• Meaning, that people (or animals, in this case) can acquire certain behaviors as result of the actions of others. This "refrán" is mainly to illustrate that an animal can become permanently frigthtened or easily lose temper by constantly abusing and hitting it, and so too can a person.

  • "Las piedras rodando se encuentran"
    • "The stones keep rolling"
    • "Even the stones meet sometimes"
    • Meaning, events are moving along.
    • Meaning: people who knows each other will probably cross ways some other time in the future.

  • "Matrimonio y mortaja del cielo bajan"
    • "Marriage and shroud, from heaven will come"
    • Meaning, both good and bad things come by themselves.

  • "Más vale un pájaro en mano que ver un ciento volar"
    • "A bird in hand is worth more than a hundred in flight"
    • Meaning, something certain is better than a lot of uncertain.

  • "Más sabe el diablo por viejo que por diablo"
    • "The devil knows more for being old than for being the devil"
    • Meaning, that experience means more than a name.

  • "Nadie escarmienta en cabeza ajena"
    • Alternatives:
      • "Nadie asienta en cabeza ajena"
      • "Nadie experimenta en cabeza ajena"
    • "Nobody learns in the head of someone else"
    • Meaning, nobody learns through the experience of someone else. You should make your own mistakes.

  • "Nadie tropieza dos veces con la misma piedra"
    • "Nobody trips twice with the same stone"
    • Meaning, nobody should commit the same error twice.
    • Meaning: Nobody DOES commit the same error twice. The second time, it is his fault. Or, fool me once shame on you, fool me twice shame on me.

  • "Ni tanto que queme al santo, ni tanto que no lo alumbre"
    • "Not so much that it burns the saint, or so little that it does not shed a light on him"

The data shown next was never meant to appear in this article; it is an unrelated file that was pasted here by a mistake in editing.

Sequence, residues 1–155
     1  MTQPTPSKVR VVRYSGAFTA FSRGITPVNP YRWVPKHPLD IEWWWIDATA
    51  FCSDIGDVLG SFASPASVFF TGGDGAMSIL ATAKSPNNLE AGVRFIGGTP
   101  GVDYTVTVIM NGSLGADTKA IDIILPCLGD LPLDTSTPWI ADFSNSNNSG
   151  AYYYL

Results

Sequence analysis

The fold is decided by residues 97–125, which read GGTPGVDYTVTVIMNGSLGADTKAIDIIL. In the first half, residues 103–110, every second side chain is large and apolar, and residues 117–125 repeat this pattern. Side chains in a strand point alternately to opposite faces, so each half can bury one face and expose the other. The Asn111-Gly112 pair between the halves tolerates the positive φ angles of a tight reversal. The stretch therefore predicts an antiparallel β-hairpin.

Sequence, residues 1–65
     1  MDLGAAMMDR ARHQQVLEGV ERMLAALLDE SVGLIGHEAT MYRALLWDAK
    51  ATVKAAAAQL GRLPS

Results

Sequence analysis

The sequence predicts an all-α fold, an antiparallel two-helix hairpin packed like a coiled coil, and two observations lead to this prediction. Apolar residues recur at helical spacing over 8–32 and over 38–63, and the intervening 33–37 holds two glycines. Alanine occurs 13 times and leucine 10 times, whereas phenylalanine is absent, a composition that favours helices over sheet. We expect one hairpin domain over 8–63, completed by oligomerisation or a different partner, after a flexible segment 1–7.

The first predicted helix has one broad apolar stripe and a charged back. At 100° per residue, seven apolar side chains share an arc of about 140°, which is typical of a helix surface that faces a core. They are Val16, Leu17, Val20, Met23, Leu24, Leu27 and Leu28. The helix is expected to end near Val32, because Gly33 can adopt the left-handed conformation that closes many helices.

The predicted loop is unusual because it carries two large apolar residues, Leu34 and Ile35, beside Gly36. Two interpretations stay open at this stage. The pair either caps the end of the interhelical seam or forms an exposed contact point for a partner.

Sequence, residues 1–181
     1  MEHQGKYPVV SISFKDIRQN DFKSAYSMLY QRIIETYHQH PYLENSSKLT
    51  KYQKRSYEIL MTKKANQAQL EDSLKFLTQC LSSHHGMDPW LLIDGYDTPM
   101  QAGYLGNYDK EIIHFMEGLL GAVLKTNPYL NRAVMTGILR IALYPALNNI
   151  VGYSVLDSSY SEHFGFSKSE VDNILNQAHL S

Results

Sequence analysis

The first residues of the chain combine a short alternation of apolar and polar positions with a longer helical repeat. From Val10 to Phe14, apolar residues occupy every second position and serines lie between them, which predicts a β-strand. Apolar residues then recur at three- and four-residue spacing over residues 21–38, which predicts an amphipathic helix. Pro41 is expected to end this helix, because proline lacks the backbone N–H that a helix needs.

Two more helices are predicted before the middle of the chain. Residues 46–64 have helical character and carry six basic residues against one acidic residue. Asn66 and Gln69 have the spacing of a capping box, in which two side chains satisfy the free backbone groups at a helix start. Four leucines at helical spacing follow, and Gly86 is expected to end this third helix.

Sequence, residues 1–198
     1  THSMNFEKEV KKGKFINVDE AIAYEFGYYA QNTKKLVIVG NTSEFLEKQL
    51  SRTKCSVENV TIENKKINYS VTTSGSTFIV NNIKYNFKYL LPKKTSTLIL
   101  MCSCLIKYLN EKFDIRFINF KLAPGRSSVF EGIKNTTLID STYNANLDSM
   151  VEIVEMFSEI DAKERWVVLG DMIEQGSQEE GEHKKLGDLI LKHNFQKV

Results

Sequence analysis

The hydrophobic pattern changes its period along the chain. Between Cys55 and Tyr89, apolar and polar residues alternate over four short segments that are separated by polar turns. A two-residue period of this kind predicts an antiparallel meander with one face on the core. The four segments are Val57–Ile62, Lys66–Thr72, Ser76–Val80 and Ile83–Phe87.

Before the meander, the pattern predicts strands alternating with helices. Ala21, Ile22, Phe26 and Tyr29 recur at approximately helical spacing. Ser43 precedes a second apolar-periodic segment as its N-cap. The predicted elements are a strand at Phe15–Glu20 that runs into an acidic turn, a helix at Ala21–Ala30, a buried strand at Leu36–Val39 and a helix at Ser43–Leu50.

• Meaning, extremes are not useful.

  • "No por mucho madrugar amanece más temprano"
    • "No matter how early you rise the dawn comes no earlier"
    • Meaning, there are some things that we cannot hurry or accelerate, even if we try.

  • "No todo lo que brilla es oro"
    • "Not everything that glimmers is gold"
    • Meaning, not everything that has a good appearance has good quality, or don't take anything for granted.

  • "No hay mal que por bien no venga"
    • "There is no bad that comes without a good"
    • Meaning, for everything bad that happens, there is also something good. Always look for the positive side of things.

  • "No le pidas peras al olmo"
    • "Do not ask pears from an elm"
    • Meaning, do not ask something from someone who can not do the job.

  • "Papelito habla"
    • "Little paper speaks"
    • Meaning, that you must have proof of what you claim. (a legal document)

  • "Si de tu vecino ves la barba cortar, pon la tuya a remojar"
    • "If you see your neighbor has shaved his beard, you should start lathering yours"
    • Meaning, if you see a change occur around you, prepare yourself for the change.

  • No way I'm returning to Mexico. I can't stand being in a place more surreal than my paintings.
    • Salvador Dalí, referring to Mexico's socio-economical contrast and cultural richness

Because anything faster than a donkey is clearly the devils work